By Vladimir Gladkov
US activists of nature protection are again protesting against plans to build a pipeline which would connect oil deposits in Canada with oil-refining plants in Texas.
It is planned that this pipeline will be a prolongation of the Keystone pipeline network and will be named Keystone XL. It will be 2,735,000-km long, and will go across the territories of Montana, South Dakota, Nebraska, Kansas, Oklahoma and Texas. Its final destination will be oil-refining plants in the cities of Houston and Port Arthur.
The plan to build this pipeline first appeared in 2008 – and stirred sharp criticism from the very beginning. Besides protests from nature protectors, the project’s authors also had to face several lawsuits from oil-refining companies.
However, the majority of high-ranking Republicans support this project. They say that it would create many new jobs for Americans. Besides, they claim that with this project, the US will cease to depend from oil from the Middle East.
Still, it looks like all this rhetoric has not convinced President Obama. In January 2012, he declined this project, much to the disliking of many conservative politicians. The main reason behind Mr. Obama’s decision, as he explains, was that the Republicans themselves appointed a very short term for this project to be discussed in Congress.
However, some experts say that the advocates of this project overestimate its merits, as well as the opponents – its disadvantages. In particular, the author of an article recently published in the Washington Post does not share the concern of some ecologists that the plants which would refine the Canadian oil in Texas allegedly may spoil the region’s ecology. On the other hand, the article says that Republicans probably pin too many hopes on this project. It is hardly likely that if the US ceases to depend on oil from the Middle East, this would be very profitable for the country’s economy. Prices for oil are determined mainly by the amount of its consuming in the entire world, and it would be wrong to suppose that Canadian oil would cost the US considerably cheaper than oil from the Middle East. The figure of 220,000 new jobs, which, as Republicans claim, this project allegedly may create for Americans, is also overestimated, the paper says.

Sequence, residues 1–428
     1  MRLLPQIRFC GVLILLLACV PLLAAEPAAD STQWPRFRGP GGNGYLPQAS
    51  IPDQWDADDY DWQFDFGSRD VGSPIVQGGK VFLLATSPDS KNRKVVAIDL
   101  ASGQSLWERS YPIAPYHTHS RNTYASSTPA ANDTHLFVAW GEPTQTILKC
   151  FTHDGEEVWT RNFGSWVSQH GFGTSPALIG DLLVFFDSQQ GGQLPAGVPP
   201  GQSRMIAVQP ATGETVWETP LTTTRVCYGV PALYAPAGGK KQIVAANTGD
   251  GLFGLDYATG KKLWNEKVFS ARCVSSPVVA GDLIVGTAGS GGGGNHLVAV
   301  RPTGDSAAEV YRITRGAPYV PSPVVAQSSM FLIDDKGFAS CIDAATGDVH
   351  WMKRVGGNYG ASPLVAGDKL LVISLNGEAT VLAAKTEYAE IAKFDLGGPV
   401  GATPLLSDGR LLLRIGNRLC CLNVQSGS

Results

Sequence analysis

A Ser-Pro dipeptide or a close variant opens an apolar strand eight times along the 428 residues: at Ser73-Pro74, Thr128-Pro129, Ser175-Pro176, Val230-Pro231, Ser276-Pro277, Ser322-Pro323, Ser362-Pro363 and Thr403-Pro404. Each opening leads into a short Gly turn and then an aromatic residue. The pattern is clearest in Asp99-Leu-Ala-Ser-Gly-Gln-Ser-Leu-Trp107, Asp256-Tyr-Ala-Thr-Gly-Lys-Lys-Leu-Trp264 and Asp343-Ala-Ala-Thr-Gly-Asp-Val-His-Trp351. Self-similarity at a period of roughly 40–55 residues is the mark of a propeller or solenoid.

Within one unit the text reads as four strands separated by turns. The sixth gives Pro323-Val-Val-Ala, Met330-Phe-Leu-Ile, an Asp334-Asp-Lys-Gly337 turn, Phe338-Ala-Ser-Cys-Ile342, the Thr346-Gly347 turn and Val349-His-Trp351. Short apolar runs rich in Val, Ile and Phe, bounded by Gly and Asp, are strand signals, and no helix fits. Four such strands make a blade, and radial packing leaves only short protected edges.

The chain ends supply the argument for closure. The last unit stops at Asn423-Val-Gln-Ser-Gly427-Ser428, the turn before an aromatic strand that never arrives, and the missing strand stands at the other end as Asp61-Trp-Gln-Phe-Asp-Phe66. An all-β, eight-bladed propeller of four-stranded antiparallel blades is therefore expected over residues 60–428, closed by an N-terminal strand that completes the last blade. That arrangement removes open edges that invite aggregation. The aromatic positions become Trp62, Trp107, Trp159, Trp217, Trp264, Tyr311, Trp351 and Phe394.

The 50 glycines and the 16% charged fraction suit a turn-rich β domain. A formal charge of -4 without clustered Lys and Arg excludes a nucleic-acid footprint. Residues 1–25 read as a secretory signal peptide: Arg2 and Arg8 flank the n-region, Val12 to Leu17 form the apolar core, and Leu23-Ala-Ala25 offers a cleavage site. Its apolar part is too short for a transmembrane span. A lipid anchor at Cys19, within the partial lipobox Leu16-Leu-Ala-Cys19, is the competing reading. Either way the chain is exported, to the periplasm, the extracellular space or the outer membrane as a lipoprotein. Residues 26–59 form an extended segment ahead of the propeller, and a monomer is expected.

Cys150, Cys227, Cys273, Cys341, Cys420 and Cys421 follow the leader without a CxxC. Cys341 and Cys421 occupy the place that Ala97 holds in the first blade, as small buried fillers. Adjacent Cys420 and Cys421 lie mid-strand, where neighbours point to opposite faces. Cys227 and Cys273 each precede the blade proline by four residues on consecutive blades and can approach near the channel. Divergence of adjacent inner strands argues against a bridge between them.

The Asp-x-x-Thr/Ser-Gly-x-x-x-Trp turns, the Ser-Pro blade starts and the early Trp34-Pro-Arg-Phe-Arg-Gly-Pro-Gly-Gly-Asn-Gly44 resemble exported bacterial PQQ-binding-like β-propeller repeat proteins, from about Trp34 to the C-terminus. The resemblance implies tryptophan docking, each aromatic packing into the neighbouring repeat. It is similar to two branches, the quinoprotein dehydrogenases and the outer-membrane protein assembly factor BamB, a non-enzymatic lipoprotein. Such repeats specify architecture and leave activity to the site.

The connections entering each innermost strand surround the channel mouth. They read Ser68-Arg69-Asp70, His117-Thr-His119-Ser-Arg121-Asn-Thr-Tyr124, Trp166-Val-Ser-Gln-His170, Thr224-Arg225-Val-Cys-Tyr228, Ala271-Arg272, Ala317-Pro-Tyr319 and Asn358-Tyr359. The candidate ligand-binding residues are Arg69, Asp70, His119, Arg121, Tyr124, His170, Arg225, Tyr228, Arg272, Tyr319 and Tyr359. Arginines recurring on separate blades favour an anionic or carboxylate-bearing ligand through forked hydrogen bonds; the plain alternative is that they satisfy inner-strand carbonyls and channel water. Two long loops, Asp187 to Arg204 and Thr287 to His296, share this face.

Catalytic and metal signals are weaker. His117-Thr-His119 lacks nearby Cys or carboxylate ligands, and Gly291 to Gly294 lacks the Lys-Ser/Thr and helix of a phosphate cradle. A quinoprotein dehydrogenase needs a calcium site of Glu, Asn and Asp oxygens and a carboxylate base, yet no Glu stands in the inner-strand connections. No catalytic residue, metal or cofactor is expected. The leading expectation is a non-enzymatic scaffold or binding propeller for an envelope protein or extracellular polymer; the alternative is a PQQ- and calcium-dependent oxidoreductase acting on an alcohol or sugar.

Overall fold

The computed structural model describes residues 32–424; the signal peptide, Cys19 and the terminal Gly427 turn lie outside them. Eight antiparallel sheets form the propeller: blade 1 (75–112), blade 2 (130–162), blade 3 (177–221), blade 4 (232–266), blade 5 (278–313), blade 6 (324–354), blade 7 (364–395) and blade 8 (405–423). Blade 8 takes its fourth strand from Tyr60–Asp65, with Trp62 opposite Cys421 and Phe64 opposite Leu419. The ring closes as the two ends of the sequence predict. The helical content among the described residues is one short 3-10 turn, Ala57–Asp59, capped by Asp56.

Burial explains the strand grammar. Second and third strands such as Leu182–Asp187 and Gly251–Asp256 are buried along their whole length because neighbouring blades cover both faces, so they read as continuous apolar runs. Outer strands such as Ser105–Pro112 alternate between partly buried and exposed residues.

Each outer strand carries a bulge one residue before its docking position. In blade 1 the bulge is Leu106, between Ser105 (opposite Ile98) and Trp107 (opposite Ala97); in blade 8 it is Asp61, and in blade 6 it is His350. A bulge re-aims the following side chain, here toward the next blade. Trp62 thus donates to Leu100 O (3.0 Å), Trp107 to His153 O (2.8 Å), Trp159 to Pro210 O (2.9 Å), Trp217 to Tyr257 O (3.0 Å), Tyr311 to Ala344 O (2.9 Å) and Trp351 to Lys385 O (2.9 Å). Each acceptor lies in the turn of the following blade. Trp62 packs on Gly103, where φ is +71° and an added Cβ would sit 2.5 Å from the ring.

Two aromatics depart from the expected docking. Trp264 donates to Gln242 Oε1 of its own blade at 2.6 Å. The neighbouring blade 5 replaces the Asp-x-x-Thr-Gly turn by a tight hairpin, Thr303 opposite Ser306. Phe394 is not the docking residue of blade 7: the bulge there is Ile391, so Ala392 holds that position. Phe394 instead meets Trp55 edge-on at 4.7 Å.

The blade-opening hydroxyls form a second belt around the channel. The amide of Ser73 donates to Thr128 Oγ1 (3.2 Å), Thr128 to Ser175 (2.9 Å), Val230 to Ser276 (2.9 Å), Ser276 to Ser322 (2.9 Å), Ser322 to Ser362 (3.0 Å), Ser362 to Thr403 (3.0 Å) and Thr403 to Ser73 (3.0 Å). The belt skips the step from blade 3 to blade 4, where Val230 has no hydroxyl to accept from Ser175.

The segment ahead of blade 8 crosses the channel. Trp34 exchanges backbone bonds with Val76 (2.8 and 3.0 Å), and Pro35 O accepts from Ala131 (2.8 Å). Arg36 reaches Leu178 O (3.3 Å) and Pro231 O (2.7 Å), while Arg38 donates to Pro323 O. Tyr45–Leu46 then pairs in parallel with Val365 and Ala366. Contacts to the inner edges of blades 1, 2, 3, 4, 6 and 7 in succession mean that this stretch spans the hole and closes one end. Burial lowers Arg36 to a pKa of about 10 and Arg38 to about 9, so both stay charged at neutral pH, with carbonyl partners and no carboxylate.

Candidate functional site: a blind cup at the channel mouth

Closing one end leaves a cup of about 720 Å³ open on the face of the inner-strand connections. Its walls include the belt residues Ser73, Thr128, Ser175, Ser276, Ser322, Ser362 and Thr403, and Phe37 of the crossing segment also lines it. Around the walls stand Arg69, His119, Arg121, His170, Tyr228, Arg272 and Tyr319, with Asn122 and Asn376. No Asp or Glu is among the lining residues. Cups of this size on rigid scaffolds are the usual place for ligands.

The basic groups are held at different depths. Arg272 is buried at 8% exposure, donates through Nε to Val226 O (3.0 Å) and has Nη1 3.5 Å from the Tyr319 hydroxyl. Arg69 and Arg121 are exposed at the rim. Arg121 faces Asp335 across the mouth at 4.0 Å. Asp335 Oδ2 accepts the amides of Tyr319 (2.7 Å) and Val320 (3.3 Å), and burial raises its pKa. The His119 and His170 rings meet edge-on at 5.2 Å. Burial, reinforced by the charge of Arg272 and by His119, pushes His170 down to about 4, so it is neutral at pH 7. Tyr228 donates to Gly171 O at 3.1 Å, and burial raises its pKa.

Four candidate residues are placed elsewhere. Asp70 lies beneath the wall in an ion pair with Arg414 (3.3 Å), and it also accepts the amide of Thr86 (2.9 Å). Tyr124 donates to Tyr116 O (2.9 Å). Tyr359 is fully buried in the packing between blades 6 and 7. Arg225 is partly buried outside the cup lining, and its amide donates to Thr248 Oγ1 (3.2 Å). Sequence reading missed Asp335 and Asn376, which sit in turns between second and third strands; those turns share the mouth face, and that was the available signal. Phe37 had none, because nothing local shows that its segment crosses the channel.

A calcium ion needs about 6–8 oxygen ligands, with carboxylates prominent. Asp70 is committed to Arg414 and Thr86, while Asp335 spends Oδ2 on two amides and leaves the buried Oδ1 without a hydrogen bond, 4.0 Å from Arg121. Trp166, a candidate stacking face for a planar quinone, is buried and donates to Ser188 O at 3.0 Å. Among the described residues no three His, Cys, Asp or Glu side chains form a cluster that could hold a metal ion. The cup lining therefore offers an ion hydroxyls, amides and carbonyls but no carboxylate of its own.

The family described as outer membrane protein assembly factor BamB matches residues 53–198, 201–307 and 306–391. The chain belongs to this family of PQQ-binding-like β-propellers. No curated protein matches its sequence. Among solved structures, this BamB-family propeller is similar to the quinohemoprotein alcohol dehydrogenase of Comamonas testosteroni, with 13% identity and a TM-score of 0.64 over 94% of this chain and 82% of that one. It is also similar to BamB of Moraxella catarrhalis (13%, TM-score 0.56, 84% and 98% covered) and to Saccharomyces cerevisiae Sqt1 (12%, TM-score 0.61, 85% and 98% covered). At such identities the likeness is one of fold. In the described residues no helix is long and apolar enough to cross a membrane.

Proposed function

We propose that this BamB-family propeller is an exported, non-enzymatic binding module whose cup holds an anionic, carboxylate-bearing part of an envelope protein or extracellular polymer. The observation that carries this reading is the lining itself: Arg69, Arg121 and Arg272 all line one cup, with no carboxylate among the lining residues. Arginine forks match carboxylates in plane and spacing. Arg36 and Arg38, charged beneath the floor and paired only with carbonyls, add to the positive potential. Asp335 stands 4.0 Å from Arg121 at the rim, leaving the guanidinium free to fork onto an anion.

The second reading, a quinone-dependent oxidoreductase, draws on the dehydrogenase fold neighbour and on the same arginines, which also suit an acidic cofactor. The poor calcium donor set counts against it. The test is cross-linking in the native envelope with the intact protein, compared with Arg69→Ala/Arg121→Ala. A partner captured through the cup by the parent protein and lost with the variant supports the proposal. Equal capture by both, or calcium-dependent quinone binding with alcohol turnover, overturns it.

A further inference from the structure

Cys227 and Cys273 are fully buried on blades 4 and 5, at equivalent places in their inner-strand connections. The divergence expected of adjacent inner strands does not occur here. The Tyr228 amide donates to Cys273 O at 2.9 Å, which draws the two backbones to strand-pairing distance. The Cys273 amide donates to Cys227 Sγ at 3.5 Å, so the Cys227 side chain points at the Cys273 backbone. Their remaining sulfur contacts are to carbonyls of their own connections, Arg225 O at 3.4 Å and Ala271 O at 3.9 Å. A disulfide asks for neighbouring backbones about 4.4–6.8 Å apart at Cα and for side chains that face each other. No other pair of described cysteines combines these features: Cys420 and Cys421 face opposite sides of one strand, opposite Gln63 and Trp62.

The US authorities often speak of their adherence to careful protection of nature – but in reality, as practice shows, they are ready for compromises in this sphere. Talks between the US authorities and British Petroleum, due to whose fault the largest ever oil split took place in the Gulf of Mexico, lasted more than a year and a half, before BP finally agreed to pay $ 4.5 bln for the damage which this catastrophe caused to the US ecology. By the way, this is the largest sum of a fine in the entire history of the US justice.
Still, it looks like some US politicians have drawn no lessons from the accident in the Gulf of Mexico. Recently, the US authorities allowed the Shell company to drill a new borehole in the sea bottom near Alaska, although ecologists say that the preliminary experts’ inspection of this site was made with rough violations of laws and norms, and that this project may threaten with a new catastrophe, which would be even more large-scale than the one in the Gulf of Mexico.
Several days ago, another catastrophe took place at an oil platform near Louisiana’s shore – two people were killed as a result of an explosion.
Taking all this into account, one may share the concern of the opponents of this pipeline project. If some US politicians care so little about the ecological security in their own country, there are grounds to suppose that this pipeline project may present a threat to the country’s ecology as well.
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